It had an eclectic collection of goods ranging from teacups to CCR albums to cowboy boots. We checked into our new hotel, The Sheraton (thank you, Mike!) and decided to go jump into the pool. We had it to ourselves, so we swam around for a while before going back to the room to get ready for our last night out on the town. Our first stop was The Peabody Hotel to have a Jack Daniels cocktail in their Corner Bar.
I had the Presbyterian, which was basically a whiskey ginger, but with delicious single barrel Jack. The Peabody is regal inside and reminded me of The Drake back in Chicago.
We went to Charlie Vergos’ Rendezvous for dinner, which was just across the street and down an alley from The Peabody. We got seated right away in their main dining room. We started with the sausage and cheese plate, which seemed to be a staple on menus in Memphis. It was served with a heap of saltine crackers and it was AMAZING.
For our entrees, I had the beef brisket and Mike had the pork ribs, both served with beans and cole slaw. We sat in silence as we ate, attacking everything on our plates and sneaking bites of each other’s food without asking. The meal was so good, we had to sit there for a minute after to get ourselves out of the food coma.
After dinner, we went to the Absinthe Room above King’s Palace Café. While Mike partook in the namesake drink, I ordered a gin and tonic. Just the smell of the absinthe (black licorice) made me feel sick to my stomach. It was more of a dive bar, with three pool tables, each in their own little room. There was a jukebox in the bar that the patrons kept playing The Eagles on, and a couple at the bar that paid for their drinks all in quarters. It was an interesting and lively crowd that we enjoyed being a part of, even if it was only for the one drink.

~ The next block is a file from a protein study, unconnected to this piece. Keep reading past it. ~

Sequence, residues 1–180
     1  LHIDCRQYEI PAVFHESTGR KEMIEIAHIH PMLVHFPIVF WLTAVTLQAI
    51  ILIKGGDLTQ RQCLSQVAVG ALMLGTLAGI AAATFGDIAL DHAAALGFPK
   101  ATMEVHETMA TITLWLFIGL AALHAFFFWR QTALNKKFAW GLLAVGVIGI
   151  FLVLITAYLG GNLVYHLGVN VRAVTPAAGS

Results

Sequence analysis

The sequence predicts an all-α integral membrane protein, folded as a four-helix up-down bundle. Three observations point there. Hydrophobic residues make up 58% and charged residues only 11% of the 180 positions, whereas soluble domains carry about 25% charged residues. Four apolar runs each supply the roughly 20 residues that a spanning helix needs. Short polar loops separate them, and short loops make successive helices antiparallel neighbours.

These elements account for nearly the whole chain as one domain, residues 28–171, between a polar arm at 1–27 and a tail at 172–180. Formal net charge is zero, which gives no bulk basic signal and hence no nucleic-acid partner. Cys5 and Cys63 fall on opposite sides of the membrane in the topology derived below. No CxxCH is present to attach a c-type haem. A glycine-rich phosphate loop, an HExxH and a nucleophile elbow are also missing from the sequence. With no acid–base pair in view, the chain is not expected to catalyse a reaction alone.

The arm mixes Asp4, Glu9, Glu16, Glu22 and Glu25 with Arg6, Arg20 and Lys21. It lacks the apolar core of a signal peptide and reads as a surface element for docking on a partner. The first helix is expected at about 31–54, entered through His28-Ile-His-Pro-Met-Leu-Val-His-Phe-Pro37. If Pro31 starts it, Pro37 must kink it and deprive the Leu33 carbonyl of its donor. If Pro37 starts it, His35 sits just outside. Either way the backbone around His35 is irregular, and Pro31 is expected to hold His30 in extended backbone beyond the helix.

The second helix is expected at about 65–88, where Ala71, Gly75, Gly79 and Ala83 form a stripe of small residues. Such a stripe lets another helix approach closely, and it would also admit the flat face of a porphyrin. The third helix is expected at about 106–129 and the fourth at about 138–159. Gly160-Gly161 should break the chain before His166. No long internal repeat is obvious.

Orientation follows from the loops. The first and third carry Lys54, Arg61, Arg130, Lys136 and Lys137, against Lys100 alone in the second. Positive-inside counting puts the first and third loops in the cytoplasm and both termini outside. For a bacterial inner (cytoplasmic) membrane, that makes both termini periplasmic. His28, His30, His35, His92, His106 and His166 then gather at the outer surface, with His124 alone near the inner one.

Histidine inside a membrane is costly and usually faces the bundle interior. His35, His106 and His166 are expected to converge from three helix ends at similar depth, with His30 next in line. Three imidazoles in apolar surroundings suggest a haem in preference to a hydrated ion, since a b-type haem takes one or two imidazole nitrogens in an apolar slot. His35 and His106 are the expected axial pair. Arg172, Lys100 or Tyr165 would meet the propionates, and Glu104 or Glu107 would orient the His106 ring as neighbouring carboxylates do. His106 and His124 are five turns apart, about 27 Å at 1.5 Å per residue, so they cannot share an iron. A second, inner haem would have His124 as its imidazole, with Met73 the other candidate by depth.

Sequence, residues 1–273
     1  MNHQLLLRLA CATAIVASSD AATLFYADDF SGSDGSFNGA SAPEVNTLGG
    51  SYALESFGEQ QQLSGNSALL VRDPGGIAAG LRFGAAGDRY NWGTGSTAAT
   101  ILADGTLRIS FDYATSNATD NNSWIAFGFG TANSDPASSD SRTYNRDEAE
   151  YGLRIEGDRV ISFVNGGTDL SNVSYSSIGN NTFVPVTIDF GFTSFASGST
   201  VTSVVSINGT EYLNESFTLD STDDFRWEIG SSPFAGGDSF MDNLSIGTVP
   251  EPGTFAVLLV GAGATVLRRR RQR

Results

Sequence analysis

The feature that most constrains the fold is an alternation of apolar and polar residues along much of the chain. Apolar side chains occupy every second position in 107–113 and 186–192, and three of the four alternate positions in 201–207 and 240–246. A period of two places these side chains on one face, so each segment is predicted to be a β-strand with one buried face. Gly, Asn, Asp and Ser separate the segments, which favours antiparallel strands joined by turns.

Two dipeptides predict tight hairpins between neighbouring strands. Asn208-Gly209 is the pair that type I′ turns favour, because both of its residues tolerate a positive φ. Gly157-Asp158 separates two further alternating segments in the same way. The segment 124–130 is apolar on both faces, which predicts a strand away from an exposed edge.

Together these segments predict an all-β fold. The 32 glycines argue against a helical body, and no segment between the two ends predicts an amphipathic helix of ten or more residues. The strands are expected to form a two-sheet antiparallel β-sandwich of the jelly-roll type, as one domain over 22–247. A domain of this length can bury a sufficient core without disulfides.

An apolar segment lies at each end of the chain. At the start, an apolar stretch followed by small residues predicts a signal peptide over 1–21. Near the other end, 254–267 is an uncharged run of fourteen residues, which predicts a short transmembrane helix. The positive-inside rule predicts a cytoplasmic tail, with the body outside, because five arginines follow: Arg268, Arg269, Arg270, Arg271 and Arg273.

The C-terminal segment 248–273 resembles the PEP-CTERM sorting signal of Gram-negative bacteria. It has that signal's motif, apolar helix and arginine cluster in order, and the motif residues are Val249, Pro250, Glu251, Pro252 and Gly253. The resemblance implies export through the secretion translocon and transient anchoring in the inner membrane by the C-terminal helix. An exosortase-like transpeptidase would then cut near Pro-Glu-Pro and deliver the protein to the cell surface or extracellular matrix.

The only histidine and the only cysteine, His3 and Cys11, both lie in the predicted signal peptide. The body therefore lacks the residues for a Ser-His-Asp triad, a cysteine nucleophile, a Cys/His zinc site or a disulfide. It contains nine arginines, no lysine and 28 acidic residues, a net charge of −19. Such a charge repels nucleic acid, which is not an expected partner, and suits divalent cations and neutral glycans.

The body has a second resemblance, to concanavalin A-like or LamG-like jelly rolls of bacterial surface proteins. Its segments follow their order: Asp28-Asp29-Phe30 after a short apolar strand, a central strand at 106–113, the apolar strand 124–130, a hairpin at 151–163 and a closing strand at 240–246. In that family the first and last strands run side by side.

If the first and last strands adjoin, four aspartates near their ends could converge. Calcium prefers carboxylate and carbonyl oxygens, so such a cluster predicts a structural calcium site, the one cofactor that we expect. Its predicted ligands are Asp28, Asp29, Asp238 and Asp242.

When we finished our drinks, we went to Wet Willie’s to sample their boozy slushies. The slushies were just alright, but the two man band that was performing while we drank them was fantastic. We had planned to take our mediocre slushies and walk, but changed our minds when they started playing. From there we went to BB King’s to pay tribute to the blues legend with a beer. They had a soul cover band playing and everybody danced.
From that point on, things became a little hazy. I know we had a few more drinks, and I know we made a stop into a couple of souvenir shops and bought a few things that we didn’t really need (I’m looking at you, Elvis clock!).
And then the inevitable happened. We heard karaoke singing coming out of Flynn’s Restaurant and wandered in. Somehow I wound up onstage singing Sam Cooke (“Another Saturday Night ”) and doing the twist. After the song ended, I promptly tripped and fell off the stage and onto the floor. Mike rushed to scoop me up, he’s used to my clumsiness, and we were about to make a quick exit, when his name was called to sing. He did his best Elvis impression as he sang “Hound Dog” and I hid in our booth hoping everyone was too busy ignoring my bad singing to see me fall. We called it a night after that, and stumbled back to the hotel.
Before we left the next day, we stopped at Blues City Café for lunch. I had some scrumptious chicken fingers and Mike had the catfish. It was a good last meal in Memphis where we had so many other great meals, listened to some amazing music and were lucky enough to get a glimpse into the rich history of this musically- inclined city.
Thanks for having us, Memphis!